Australia’s SproutX Launches Pre-Accelerator and Targets $10m for Accelerator Fund

September 15, 2016

Australia’s first agriculture technology accelerator SproutX is taking shape and is now open for applications to its pre-accelerator program.

Australian prime minister Malcolm Turnbull first announced the initiative in December 2015 as a joint venture between the National Farmers Federation (NFF) and Findex, Australia’s largest privately-owned professional services company.

SproutX has raised over $1 million in funding for operations from the Victorian Government and strategic partners like Ruralco, a publicly-listed rural services and distribution provider.

The initiative is now raising a $10 million fund to invest in the startups that will go through its accelerator.  This fund will be an Early Stage Venture Capital Limited Partnership (ESVCLP) giving investors tax benefits and it will be raised by Artesian Venture Partners, a Melbourne-based alternative investment manager.

How will SproutX work?

The first stage of the initiative is a 6-week pre-accelerator program that will accept 100 startups and put them through a free, online program of weekly lectures. The startups will be set milestones to achieve during the period, such as market validation, proof of concept and basic budgeting, which will represent about 10 hours of work a week. If they succeed, the program will award them $1k in cash and $10k in services.

Next is the main accelerator, a 6-month program, which will provide startups with seed funding in exchange for an equity stake. A line-up of partners that offer distribution, marketing, media exposure and technology will be made available for startups. Successful startups in the pre-accelerator have a better chance of making it onto the main accelerator, but it is not a shoe-in, said Sam Trethewey, general manager of SproutX.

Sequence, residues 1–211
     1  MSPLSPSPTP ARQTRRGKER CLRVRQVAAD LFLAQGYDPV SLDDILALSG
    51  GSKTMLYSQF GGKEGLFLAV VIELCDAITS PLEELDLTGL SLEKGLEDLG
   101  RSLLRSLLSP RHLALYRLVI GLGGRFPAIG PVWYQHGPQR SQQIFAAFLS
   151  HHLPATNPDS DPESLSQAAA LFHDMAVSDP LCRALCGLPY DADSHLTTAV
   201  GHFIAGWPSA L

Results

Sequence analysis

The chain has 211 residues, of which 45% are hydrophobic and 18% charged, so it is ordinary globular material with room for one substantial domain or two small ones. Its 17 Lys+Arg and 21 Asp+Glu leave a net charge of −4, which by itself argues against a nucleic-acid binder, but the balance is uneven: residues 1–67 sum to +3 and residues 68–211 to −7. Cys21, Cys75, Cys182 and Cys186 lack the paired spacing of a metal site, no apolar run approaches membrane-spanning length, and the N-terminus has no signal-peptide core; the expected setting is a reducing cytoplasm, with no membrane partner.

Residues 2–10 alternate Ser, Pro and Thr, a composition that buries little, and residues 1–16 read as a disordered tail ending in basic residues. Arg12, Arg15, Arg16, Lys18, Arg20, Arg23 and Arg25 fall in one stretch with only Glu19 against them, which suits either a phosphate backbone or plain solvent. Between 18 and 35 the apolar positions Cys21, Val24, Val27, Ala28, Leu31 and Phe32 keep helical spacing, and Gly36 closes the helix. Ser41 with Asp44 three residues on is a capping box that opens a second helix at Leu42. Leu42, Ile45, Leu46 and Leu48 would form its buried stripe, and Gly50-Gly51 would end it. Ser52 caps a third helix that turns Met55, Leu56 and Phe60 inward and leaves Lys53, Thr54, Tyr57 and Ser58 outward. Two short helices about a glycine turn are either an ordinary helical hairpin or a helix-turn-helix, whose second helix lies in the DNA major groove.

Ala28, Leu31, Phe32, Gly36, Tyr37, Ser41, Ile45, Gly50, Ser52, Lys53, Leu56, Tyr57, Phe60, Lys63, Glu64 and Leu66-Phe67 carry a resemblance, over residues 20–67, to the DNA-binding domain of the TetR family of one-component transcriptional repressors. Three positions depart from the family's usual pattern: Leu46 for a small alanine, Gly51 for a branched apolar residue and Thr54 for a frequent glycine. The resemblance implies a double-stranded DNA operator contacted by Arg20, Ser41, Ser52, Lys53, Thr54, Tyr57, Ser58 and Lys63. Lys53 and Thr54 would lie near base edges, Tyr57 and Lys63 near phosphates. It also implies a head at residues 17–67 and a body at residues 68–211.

“You don’t need to have done the pre-accelerator to go into the main one, but success during it will be beneficial,” he said.

Trethewey’s growing team, which has now reached five staff, will manage the selection process alongside a selection panel.

While Findex has provided 800 square meters of office space for the program, it will be partly online and hopes to encourage entrepreneurship in various regions of the country.

“Australia is the most urbanized country in the world, so we want to keep people in their regions and not force them to flock to Melbourne,” said Trethewey. “So that might mean we include a certain number of face-to-face meetings to enable startups to take part in the program remotely.”

Startups in the program will receive investment from the $10 million fund under terms that will be set before the program begins.

To apply for the pre-accelerator, click here.

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